Steve Kononenko has taken over as hike leader, a position he will hold for the entirety of San Diego County. The weather has been our friend for this entire trip, and this was again true this day. High overcast and cool temperatures made the walking easier than many of us (especially those of us from the north) thought we would be experiencing along the southern coast of the state.
For the first 8 miles or so, we were on the beach, making our way through soft sand or over small cobbles. It was not especially easy walking. Just before we left Orange County and passed around San Mateo Point, we passed below the Western White House. Here, Richard Nixon wrestled with the ignominy of his resignation. The surfers in the water couldn?t care less; their gaze was to the west looking for the next set of big waves.
The next section of beach was under the jurisdiction of Camp Pendleton, and it is used as a private military campground. Coastwalkers in the past have been hassled here regarding access, but we had no problems at all.
Then came San Onofre. Looming ahead was Con Ed?s nuclear electric-generation plant, an affront to the coast if there ever was one. Riprap at the water?s edge here is topped with an access way, fenced on the ocean side and on the other side with a tall wall topped with another fence. Along the way, canisters designed to reveal the presence of radiation were chained to the fence. At either end of the walkway, armed guards watched the entrances. Here we were, all ten of us, walking within feet of this nuclear plant, yet in San Louis Obispo we were forced to walk more than twenty miles around Diablo Canyon because PG & E refused us access. It seems clear that, having walked by this one, we should have been able to walk by the Diablo Canyon plant. In the name of ?safety? or ?national security?, we are being denied access to miles of our coast. This condition needs to be changed.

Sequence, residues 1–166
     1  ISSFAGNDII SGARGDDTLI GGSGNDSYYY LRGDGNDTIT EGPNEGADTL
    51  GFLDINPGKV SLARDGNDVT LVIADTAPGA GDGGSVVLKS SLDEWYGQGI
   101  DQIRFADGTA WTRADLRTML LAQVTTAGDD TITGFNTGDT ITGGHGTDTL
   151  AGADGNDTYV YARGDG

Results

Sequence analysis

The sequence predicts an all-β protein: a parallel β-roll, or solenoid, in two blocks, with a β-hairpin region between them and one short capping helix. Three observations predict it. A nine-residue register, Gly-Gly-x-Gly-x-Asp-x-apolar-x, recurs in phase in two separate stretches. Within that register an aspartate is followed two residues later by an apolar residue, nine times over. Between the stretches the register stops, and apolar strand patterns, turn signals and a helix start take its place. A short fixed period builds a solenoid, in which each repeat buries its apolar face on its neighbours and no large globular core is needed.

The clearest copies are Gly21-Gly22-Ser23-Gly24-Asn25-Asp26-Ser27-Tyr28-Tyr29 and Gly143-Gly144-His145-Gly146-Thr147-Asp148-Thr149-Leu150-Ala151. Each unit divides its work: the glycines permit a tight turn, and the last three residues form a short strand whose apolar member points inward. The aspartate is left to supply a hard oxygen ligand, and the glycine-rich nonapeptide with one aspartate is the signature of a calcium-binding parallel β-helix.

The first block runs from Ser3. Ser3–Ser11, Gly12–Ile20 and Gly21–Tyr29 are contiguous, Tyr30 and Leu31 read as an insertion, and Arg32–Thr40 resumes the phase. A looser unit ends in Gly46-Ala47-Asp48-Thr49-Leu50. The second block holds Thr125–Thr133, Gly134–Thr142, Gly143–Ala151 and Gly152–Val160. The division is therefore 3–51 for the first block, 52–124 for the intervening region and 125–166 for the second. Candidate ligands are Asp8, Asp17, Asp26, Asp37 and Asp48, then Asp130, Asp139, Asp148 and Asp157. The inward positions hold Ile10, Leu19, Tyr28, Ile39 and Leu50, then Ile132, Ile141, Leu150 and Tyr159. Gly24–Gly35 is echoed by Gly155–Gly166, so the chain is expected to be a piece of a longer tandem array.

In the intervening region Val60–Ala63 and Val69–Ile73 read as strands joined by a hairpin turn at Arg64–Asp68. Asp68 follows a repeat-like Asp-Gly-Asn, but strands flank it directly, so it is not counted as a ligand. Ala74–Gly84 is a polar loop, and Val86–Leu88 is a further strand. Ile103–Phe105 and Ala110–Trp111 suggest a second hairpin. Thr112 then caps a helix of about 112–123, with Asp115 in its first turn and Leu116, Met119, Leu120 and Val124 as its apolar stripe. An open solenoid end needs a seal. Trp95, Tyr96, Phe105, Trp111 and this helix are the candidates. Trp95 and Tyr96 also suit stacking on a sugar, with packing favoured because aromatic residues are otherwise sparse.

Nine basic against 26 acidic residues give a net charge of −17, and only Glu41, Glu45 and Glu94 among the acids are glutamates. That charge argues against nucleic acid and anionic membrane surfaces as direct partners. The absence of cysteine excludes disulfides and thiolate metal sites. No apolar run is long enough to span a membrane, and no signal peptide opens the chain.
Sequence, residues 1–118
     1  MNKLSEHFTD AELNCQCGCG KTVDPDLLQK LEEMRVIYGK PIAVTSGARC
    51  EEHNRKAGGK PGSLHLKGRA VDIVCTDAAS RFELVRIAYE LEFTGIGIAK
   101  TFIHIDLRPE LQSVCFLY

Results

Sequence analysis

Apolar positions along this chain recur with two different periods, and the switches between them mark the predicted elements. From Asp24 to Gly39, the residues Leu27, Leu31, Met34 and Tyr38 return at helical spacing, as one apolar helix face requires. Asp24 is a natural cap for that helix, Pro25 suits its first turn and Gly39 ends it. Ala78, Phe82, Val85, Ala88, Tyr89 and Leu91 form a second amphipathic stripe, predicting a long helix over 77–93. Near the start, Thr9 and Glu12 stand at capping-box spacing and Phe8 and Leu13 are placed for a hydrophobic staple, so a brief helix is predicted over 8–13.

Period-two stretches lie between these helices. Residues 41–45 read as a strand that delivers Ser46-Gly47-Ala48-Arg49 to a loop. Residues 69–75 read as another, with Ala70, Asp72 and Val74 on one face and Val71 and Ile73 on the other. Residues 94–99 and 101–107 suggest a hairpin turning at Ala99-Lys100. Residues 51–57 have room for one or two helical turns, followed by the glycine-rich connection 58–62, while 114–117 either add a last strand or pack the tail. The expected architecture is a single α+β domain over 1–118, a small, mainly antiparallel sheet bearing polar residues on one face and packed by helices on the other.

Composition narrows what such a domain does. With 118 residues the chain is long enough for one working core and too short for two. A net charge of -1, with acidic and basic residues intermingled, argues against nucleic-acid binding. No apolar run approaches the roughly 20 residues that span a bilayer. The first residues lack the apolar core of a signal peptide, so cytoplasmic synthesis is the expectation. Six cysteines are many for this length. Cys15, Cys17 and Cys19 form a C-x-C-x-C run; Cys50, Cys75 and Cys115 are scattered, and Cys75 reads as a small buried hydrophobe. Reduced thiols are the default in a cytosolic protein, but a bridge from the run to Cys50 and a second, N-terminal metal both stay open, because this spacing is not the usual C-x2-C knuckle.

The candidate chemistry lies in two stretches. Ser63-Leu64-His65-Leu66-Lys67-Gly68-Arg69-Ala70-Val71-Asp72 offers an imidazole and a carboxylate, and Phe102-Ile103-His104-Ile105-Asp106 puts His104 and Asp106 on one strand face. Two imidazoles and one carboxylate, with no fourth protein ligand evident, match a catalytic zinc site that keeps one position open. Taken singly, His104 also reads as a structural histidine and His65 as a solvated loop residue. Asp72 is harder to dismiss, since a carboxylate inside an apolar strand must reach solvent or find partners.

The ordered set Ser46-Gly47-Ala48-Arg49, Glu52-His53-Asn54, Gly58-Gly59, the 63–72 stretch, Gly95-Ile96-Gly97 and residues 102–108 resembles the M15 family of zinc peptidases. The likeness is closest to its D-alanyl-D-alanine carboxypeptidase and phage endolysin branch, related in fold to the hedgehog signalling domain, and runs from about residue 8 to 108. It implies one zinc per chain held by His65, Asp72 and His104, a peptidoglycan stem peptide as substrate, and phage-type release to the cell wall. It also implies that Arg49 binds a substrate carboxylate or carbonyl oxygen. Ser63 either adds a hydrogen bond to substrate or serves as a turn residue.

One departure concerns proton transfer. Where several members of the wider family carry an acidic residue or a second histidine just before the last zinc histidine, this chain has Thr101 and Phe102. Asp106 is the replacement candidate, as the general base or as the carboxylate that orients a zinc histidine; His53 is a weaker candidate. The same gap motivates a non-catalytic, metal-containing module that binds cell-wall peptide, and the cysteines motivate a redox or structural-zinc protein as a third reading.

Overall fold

South of the San Onofre nuclear installation, we walked along the beach of San Onofre State Beach, so the bluff tops here were not covered with houses. These bluffs at first had a sandstone base some thirty or forty feet high, topped with another like amount of red brown dirt. This top layer had within it layers of cobbles. As we walked south, the sandstone layer became thinner and thinner, until it was completely gone. The result was that the sandy beach we had been walking was then transformed into a cobblestone one: the cobbles which were formally high up on the bluff face had been pried loose and were now subject to wave erosion.
A mile or so further on at the southerly end of the state beach , we rose up to the bluff top and began a four mile section walking on a paved bike path that in former times was Highway 1. Here it has a sign as it passes under I-5 that warns hikers and bicyclists to be ready to retreat or run if military vehicles pass through. We ended the day?s exertions at Las Pulgas Road, near one of the main gates into Camp Pendleton, and rode in our van on I-5 through Pendleton, because we were refused permission to walk through the 9 mile stretch. (Jon Breyfogle; photos by Linda Hanes)
Left: Janette and J walk San Onofre Beach, power plant looming in the background. Right: Walkway along side of the power plant allows public passage along the coast.